Plans would provide the community teams with the opportunity to come together in hubs to promote better integration. There would be five community hubs or bases across the county which will provide the majority of inpatient and clinic-based activity. Home visits would still be provided where clinically appropriate. Staff would also continue to maintain strong communications/presence with stakeholders such as GP’s to maintain vital working relationships.

Based on some feedback the Trust believes there could be real benefits in providing more treatment in a clinic; for example patient access to more complex equipment, reduced waiting times, more time spent with nurses, and a more socially interactive experience for patients. The theory behind this project is already being used in some areas. For example Well Leg Clinics, or leg clubs, are run in some parts of Worcestershire which specialises in caring for and preventing leg ulcers. Chronic leg conditions are associated with isolation and patients can now visit the clubs or clinics rather than have a home visit, so they can meet others in a similar position to them. Staff get to see more people in the clinic rather than travelling from home to home. 

The feedback from those who attend the leg clubs is overwhelmingly positive, with many citing the social aspect as key in improving the overall experience of treatment. But the Trust wants to engage with more people, including those patients who currently receive a home visit, their families/carers and other people who have an interest, to see whether more clinic-based treatment might be appropriate for more people. 

The project is planned to be rolled out in phases over the next couple of years, with Redditch and Bromsgrove up first. A questionnaire has been developed and is being handed to all current patients who are on the caseloads of Redditch and Bromsgrove community nursing teams, and an electronic version is available online. Responses should be submitted or sent back before the 14th September.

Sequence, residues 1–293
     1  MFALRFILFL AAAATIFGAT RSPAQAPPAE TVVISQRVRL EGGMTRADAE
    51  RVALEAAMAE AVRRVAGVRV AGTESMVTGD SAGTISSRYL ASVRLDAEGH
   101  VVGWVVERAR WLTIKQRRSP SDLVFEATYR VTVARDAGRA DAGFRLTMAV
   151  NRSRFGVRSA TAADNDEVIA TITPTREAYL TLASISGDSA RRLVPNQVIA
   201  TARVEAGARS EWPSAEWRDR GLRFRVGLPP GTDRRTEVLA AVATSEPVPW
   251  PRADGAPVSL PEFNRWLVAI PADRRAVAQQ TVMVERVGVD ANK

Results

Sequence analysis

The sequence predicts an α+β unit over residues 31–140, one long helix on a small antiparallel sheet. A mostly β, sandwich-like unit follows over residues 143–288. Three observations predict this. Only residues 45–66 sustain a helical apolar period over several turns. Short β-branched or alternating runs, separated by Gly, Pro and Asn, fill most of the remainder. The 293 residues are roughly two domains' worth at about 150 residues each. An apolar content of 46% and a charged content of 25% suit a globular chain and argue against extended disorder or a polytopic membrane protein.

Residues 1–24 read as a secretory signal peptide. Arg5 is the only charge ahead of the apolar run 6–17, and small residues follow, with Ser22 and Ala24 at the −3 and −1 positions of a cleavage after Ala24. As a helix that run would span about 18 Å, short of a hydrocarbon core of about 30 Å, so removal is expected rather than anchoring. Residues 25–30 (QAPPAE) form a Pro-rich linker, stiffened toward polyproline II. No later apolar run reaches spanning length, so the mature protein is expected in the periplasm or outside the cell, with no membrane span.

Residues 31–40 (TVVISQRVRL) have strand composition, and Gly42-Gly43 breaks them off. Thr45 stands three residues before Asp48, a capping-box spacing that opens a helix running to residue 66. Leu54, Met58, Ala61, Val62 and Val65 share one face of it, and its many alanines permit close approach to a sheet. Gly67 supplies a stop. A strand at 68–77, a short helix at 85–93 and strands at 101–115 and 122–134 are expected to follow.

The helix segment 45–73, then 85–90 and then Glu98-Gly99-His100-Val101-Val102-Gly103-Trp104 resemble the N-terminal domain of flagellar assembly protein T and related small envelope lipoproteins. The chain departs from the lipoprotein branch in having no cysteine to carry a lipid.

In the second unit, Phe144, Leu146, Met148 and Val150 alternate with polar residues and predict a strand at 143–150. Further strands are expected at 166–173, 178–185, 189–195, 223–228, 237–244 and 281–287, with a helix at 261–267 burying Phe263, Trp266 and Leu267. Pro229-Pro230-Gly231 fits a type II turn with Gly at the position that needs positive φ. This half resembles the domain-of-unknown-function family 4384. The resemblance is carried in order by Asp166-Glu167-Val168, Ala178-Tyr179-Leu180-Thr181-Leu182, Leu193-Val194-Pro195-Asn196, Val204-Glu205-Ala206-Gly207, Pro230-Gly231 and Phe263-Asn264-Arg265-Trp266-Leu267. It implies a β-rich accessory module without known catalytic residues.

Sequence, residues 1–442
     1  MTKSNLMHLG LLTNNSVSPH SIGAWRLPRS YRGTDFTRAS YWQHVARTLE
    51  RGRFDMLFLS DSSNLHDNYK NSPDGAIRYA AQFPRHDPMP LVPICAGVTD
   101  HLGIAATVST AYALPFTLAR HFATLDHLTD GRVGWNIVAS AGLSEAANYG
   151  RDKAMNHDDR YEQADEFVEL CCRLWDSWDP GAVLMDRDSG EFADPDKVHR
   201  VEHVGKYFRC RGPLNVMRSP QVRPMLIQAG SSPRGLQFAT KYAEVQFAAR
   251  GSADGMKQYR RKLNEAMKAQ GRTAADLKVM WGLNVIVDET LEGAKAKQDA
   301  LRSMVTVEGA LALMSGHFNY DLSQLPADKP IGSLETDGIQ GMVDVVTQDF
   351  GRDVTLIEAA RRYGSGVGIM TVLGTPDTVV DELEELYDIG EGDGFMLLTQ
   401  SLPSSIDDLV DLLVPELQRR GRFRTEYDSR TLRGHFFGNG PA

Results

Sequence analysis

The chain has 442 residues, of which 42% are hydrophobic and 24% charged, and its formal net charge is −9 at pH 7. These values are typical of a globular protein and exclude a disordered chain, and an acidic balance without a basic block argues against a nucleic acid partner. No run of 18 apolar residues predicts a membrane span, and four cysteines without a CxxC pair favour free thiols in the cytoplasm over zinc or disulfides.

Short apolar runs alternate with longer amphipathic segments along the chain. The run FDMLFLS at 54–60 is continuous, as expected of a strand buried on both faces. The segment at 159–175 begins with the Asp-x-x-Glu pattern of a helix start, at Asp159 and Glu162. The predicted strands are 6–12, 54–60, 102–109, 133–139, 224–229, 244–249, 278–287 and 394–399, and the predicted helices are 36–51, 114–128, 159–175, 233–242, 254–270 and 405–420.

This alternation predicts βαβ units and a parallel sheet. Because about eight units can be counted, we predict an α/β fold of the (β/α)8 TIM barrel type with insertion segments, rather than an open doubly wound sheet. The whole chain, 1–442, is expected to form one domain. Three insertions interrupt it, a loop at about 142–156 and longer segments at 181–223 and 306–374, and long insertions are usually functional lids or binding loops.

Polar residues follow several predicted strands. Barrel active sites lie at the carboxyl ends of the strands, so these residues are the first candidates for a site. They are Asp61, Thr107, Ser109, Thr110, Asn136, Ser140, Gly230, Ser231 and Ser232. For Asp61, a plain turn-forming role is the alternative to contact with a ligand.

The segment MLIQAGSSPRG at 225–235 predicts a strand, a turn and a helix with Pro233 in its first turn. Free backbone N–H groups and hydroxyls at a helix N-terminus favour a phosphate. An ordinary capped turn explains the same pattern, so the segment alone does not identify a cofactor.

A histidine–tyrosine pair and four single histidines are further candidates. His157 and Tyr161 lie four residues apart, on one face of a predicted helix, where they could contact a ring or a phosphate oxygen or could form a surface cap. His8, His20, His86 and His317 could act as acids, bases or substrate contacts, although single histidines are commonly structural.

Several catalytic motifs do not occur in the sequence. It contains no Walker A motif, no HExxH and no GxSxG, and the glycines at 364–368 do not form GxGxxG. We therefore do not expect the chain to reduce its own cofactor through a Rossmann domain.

Dr Ian Douglas, from Worcestershire Health and Care NHS Trust, said: “I believe it is appropriate that we explore whether this change in where we provide care to some of the patients that our community staff see is the right way forward. Everyone working in the NHS understands that because the cost of health care rises all the time local NHS teams needs to explore how it can do things differently. I know that there are some people who are seen at home by members of my team who also go to see their GP at the local surgery or go to see their Consultant at the hospital.  

“Patients may get more out of a visit to a clinic in comparison to being seen at home because they may see more than one professional when they are at the clinic and as a result more problems can be sorted out there and then. I think we also underestimate how much support and help patients can get from meeting other patients who are facing the same problems and challenges that they are facing.  

“For some people and their families there will be the inconvenience of getting to the clinic but this needs to be weighed up against the potential benefits not only for the person themselves but also for the people who are too unwell to leave their homes under any circumstances. These people may not currently be seen as often as they could be because professionals are spending time travelling to see patients who do not really need to be seen at home.”